The northernmost euro nation and home to brands including Nokia Oyj says its economic recovery depends on Russia normalizing trade relations with Europe.
Finland, whose economy contracted in two of the last three quarters, estimates about 5 percent of its trade with Russia will be hit by European Union restrictions. The nation, which yesterday underscored its support for sanctions, is more exposed than any other euro member to a slump in Russian demand, trade figures show.
“The biggest worry is the slowing Russian economy,” Trade Minister Lenita Toivakka said yesterday in an interview in Helsinki. “Our exports to Russia began falling before the crisis. Even if the crisis ended, it isn’t likely that the Russian economy would begin to grow quickly.”
Finland’s economic reliance on its eastern neighbor shows the growing cost of the EU’s policy as the bloc struggles to respond to President Vladimir Putin’s incursion into Ukraine. Prime Minister Alexander Stubb says Finland’s economy is in the middle of a “lost decade” as the EU’s deteriorating ties with Russia collide with a decline in Finnish industry.
“The sanctions spiral is dangerous,” Toivakka said. “We don’t know what industries would be hit by possible Russia counter-sanctions and the biggest risk is the uncertainty over how long the crisis will last.”
The sanctions against Russia will be enacted tomorrow, while the EU also will lay out its conditions for eventually suspending the measures, three EU officials said.
Stubb has suggested that countries likely to suffer most as a consequence of trade restrictions should be compensated. The EU has since agreed to provide aid to industries including dairy to counter the effect of Russia’s retaliatory import ban.
“Finland approved the sanctions as they were proposed,” Toivakka said. “There was a lot of preparation and our officials worked hard to ensure the impact on Finland would not be unreasonable.”
In an initial set of sanctions imposed in late July, the EU barred five state-owned Russian banks from selling shares or bonds in Europe; restricted the export of equipment to modernize the oil industry; prohibited new contracts to sell arms to Russia; and banned the export of machinery, electronics and other civilian products with military uses -- so-called dual-use goods -- to military users.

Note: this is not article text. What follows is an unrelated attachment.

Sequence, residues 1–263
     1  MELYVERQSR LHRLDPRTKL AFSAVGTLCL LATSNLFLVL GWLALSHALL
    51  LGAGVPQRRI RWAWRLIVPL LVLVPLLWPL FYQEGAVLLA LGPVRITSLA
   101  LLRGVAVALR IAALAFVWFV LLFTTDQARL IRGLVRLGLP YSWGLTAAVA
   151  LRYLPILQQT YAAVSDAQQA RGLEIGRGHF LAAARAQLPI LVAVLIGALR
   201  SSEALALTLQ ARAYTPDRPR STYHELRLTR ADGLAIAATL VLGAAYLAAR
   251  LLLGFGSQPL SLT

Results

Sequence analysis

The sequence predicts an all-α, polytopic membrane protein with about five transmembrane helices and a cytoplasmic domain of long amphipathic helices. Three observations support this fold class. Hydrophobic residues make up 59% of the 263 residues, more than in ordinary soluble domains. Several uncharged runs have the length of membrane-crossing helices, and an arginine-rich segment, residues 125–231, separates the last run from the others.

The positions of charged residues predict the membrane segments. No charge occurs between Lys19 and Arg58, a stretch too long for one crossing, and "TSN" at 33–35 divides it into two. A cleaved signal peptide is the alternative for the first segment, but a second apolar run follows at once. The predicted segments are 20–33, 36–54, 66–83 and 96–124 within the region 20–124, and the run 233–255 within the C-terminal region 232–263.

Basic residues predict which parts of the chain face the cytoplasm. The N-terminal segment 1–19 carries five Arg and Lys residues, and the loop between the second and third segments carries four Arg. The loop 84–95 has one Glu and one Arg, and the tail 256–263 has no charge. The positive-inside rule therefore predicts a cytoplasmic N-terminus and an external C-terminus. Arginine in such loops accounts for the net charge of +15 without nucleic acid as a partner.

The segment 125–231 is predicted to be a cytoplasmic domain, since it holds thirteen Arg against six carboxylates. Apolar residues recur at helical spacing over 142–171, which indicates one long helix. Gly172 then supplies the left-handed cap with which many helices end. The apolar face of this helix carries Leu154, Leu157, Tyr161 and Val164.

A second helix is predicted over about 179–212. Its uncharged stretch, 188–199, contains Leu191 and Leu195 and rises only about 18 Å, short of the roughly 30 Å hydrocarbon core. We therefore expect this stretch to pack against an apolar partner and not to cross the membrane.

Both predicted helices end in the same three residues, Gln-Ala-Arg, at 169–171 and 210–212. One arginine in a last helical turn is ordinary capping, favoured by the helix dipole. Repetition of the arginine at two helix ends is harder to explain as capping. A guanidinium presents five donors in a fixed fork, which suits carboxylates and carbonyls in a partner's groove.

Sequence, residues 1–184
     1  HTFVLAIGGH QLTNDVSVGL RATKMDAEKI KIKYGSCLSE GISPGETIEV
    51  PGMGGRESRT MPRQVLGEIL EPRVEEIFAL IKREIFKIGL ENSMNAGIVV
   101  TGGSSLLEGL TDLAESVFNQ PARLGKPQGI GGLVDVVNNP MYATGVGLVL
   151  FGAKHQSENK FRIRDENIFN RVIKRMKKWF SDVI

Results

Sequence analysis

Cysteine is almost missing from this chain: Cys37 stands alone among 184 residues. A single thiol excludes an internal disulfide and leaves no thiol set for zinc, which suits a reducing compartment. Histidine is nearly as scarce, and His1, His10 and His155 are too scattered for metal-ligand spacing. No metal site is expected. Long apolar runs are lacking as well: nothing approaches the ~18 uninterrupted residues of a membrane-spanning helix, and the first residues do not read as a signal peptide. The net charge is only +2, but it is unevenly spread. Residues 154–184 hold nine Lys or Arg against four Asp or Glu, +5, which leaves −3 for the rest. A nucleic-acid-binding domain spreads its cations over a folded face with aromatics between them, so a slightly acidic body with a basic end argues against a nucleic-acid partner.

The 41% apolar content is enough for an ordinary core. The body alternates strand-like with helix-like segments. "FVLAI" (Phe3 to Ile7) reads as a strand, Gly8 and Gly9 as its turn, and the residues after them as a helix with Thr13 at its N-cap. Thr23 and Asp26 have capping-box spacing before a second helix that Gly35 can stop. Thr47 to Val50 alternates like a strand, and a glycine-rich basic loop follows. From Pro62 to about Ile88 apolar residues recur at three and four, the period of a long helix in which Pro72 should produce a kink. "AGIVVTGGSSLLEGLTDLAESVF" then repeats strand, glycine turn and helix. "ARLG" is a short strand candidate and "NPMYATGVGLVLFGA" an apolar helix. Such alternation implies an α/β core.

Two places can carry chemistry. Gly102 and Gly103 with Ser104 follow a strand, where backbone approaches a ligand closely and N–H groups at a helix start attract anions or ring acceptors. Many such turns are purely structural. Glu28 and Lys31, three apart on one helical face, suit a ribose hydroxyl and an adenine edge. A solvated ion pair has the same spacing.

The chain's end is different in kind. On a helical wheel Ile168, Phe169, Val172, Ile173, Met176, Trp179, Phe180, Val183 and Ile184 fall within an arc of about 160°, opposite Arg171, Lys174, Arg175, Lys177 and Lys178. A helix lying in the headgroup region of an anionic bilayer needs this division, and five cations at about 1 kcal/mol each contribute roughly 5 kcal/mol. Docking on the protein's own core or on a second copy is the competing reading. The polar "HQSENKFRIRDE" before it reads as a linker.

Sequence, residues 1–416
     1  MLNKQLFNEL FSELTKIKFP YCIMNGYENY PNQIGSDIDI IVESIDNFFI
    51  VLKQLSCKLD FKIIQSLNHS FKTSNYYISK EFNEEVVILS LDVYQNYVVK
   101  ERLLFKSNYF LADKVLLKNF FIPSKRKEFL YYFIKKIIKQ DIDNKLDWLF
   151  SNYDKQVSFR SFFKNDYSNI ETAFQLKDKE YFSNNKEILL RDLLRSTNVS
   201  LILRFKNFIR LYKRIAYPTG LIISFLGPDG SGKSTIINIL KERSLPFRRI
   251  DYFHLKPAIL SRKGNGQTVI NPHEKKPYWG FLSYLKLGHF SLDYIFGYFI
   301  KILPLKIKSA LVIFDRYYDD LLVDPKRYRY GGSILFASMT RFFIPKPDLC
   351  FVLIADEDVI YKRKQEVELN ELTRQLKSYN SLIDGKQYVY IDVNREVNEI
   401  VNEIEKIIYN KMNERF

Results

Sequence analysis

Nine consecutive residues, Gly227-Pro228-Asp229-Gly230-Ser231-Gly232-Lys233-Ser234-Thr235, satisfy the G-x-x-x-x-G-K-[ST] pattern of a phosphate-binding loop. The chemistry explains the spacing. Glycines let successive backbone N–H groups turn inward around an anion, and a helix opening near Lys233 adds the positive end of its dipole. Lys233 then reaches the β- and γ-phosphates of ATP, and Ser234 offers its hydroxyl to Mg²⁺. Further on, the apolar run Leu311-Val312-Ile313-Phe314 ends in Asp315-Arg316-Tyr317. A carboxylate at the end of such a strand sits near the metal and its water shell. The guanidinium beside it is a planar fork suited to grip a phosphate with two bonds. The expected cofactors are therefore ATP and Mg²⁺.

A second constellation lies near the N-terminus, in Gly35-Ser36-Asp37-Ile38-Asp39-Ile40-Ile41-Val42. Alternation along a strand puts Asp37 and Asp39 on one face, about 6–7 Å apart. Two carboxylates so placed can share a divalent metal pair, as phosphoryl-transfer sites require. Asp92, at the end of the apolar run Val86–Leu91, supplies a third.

Those measures prompted Russia to ban imports of some EU farm goods, a step that has cut off about 5 billion euros ($6.5 billion) of annual trade. In a statement on Sept. 6, the day after EU member-state diplomats drew up the latest sanctions plan, the Russian government signaled it would take further retaliatory action should the extra penalties be enacted. Putin has always denied his government’s involvement in the conflict.
Finland is trying to reduce Russia’s 14 percent share of its trade. The Nordic country’s total exports and imports are about 20 percent below peak levels in real terms, Toivakka said yesterday in a speech.
“Open economies like Finland benefit greatly from global trade,” she said. “We also take the biggest hits in difficult times like this.”
Putin, who agreed to a truce on Sept. 5, has already withdrawn 70 percent of his troops from Ukraine, according to President Petro Poroshenko. Toivakka said a cease-fire alone won’t be enough to prevent sanctions.
The conflict between Ukraine and pro-Russian separatists has killed at least 3,000 people, displaced more than 1 million and soured Russia’s ties with its former Cold War foes.
Finland, which has the EU’s longest border with Russia, has put its fighter jets on alert to intercept foreign aircraft after Russian planes repeatedly violated the northernmost euro member’s airspace. The country, together with neighboring Sweden, also agreed on closer relations with NATO last month in a deal that makes it easier for troops from the military alliance to use Finnish and Swedish territory.
“This is a matter of war and peace,” Stubb said. “The purpose of the sanctions is to add pressure to achieve two things: a cease-fire and a permanent peace plan.”